“Companies will be spending more money on borrowing costs than business expansion costs. That means lower profit margins, lower dividends, and less hiring. Plus, more layoffs.”
No investors, let alone billionaires, will want to own stocks with falling profit margins and shrinking dividends. So if that’s why Buffett, Paulson, and Soros are dumping stocks, they have decided to cash out early and leave Main Street investors holding the bag.
But Main Street investors don’t have to see their investment and retirement accounts decimated for the second time in five years.
Wiedemer’s video interview also contains a comprehensive blueprint for economic survival that’s really commanding global attention.
Now viewed over 40 million times, it was initially screened for a relatively small, private audience. But the overwhelming amount of feedback from viewers who felt the interview should be widely publicized came with consequences, as various online networks repeatedly shut it down and affiliates refused to house the content.
“People were sitting up and taking notice, and they begged us to make the interview public so they could easily share it,” said Newsmax Financial Publisher Aaron DeHoog.
“Our real concern,” DeHoog added, “is the effect even if only half of Wiedemer’s predictions come true.
“That’s a scary thought for sure. But we want the average American to be prepared, and that is why we will continue to push this video to as many outlets as we can. We want the word to spread.”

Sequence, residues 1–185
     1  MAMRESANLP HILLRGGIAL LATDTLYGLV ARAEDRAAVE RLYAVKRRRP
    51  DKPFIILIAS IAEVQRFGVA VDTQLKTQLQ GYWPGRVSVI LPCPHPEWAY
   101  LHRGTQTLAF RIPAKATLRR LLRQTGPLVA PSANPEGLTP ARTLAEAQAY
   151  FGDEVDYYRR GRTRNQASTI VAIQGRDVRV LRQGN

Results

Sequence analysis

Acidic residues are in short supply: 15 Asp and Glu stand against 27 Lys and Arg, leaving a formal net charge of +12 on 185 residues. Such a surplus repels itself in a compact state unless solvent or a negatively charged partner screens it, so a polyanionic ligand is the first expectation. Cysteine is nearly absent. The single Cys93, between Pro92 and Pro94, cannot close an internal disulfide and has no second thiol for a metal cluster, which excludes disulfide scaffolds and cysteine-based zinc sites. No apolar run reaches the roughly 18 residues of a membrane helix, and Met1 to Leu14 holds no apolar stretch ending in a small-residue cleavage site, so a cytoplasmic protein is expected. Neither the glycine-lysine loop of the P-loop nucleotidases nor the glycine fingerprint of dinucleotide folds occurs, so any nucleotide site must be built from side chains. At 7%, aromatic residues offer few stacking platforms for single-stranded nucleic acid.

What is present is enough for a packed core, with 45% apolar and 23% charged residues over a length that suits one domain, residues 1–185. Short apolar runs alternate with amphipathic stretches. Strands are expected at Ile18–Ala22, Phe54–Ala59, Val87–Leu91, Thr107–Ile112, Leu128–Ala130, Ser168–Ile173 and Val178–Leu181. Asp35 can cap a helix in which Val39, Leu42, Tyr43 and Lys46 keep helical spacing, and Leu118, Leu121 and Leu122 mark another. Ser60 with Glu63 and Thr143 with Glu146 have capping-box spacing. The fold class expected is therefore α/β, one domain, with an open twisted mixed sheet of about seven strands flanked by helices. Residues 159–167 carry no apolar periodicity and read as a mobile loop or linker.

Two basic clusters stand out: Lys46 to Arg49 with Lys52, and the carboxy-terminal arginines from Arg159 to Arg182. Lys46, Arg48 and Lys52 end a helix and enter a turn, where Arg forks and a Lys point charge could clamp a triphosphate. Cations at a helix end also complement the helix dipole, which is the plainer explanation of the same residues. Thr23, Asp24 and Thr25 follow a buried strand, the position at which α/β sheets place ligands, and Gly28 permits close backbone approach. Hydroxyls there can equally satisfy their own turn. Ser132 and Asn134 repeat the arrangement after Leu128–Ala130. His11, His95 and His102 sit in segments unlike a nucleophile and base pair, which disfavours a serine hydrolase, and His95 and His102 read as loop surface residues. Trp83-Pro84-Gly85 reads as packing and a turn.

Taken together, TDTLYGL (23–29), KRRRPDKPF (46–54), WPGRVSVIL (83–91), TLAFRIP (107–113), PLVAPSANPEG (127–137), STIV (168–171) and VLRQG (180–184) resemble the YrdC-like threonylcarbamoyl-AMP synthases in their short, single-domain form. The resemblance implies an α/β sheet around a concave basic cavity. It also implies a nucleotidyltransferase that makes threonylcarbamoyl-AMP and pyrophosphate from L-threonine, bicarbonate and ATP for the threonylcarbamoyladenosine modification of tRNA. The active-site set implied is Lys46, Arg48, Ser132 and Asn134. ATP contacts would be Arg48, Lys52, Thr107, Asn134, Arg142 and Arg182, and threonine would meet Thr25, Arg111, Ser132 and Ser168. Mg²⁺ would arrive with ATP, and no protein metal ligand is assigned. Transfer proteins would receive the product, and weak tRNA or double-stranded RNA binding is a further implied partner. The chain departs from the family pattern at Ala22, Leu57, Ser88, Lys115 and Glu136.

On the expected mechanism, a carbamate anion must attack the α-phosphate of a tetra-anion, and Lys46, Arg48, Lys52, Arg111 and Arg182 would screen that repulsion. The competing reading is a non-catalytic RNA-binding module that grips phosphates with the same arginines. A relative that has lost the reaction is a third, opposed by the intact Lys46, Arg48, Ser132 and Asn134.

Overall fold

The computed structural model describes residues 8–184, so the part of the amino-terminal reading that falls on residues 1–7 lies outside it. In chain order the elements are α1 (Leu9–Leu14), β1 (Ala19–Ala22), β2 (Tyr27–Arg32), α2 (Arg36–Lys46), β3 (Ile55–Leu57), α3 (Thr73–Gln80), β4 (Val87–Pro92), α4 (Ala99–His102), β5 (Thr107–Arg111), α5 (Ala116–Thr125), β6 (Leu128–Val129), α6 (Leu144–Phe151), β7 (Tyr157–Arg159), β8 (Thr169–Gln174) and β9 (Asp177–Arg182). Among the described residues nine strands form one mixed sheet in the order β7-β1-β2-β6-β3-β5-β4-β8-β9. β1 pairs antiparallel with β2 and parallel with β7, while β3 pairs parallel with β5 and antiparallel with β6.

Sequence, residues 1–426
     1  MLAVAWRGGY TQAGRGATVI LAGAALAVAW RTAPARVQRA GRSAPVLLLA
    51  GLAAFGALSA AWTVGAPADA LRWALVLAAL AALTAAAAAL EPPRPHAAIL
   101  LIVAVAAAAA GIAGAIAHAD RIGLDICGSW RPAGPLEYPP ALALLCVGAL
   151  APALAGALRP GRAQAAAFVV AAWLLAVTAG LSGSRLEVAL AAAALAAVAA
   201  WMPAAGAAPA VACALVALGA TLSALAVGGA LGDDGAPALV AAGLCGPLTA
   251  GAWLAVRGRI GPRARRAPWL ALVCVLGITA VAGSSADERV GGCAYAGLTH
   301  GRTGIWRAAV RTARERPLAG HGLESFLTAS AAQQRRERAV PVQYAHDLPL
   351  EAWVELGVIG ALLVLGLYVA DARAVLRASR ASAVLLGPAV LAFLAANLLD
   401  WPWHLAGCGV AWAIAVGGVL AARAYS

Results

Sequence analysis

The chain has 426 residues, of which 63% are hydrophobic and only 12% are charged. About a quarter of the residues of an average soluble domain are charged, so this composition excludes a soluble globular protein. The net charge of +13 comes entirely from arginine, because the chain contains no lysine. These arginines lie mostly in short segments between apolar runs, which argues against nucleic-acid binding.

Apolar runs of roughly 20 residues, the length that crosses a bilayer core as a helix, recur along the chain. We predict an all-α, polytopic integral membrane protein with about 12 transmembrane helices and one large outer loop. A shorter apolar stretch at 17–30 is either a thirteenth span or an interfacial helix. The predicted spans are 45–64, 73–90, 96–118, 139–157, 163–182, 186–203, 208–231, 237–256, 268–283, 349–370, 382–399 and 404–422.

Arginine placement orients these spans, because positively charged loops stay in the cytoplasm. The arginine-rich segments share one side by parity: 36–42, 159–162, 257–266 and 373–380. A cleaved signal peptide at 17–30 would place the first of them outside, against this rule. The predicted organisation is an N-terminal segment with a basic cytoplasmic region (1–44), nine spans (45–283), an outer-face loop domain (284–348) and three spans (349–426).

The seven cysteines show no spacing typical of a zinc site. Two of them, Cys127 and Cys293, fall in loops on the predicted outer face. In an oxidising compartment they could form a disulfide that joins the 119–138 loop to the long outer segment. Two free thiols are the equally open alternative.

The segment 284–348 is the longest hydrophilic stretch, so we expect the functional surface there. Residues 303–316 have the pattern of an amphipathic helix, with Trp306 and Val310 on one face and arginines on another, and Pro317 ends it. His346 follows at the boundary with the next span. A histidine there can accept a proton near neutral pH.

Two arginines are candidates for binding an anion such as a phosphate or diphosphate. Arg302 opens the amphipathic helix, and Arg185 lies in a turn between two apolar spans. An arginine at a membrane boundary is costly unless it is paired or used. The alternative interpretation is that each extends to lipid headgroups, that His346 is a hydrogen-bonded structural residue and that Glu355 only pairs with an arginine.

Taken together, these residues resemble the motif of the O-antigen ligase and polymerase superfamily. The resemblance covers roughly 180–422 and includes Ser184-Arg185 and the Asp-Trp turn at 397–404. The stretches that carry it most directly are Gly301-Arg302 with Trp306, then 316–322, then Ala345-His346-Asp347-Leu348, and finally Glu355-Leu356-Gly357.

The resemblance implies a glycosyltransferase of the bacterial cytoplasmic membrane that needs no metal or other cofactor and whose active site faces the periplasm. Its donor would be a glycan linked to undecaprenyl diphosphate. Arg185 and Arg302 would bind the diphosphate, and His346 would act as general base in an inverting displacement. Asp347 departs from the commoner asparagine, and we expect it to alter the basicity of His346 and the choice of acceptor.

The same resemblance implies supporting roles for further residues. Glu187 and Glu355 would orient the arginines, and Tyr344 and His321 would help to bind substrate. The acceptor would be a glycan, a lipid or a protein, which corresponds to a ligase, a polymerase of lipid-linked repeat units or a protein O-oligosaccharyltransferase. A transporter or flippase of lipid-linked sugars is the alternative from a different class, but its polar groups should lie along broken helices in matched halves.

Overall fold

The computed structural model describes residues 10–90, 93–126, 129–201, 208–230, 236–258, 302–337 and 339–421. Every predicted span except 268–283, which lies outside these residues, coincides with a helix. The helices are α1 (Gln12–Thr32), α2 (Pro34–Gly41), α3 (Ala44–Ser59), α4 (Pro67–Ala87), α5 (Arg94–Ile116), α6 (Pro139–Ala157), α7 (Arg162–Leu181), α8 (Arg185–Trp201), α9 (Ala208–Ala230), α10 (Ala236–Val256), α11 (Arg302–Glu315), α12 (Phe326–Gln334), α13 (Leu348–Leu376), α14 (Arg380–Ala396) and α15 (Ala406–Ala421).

It's from Newsmax.com, you moron.
However, considering that I don't own any stocks, how can I possibly give a shit?
Stocks are for suckers. There's no difference between putting your money in the stock market, versus betting on red19 at the roulette table. No difference.
But kudos to the 1% who always know when to bet against America!
[quote]But kudos to the 1% who always know when to bet against America!
Patriotism is for Pussies!
1% ers, why do you hate America?
Mitt Romney and Republicans, why do you hate America?
Seriously, I'm stunned people still vote for the modern-day GOP. They are the most anti-American political party that ever existed.
OP, why do YOU hate america?
Right wing shill....
I don't think you have to be an economist to know why.
"It starts with the reckless strategy of the Federal Reserve to print a massive amount of money out of thin air in an attempt to stimulate the economy."
“Companies will be spending more money on borrowing costs than business expansion costs."
These two statements are inherently contradictory, because the Fed printing money means that companies (and private individuals) will be spending less, not more, in borrowing costs (i.e. interest).
So unless the quotes are a really bad cut-and-paste job, this "guru" knows less about economics than a community college dropout does.
Oh, and it's from Newsmax, so that's par for the course.
Warren Buffett isn't a market timer.
Ouch! The stupid! It hurts!
Gee, this reminds me of the endless "The Sky is Falling, Buy GOLD!" threads from a year or so ago.
How did that work out for all you doom and gloom types? Didn't I read where it's down to under $1500 an ounce?
Closer to $1400. Dropped $200 or $300 bucks yesterday. Nothing's a sure thing..
[quote]He recently complained of âdisappointing performanceâ in dyed-in-the-wool American companies like Johnson & Johnson, Procter & Gamble, and Kraft Foods.
For a man who lacks confidence in dyed in the wool American Companies, it strikes me as odd that he just bought Heinz last month (the entire company).
In fact, he's been rather open about the fact that he's selling stock to pay for Heinz. Kraft he's been selling since they bought Cadbury, since he thought that was a dumb move. That was 3 or 4 years ago.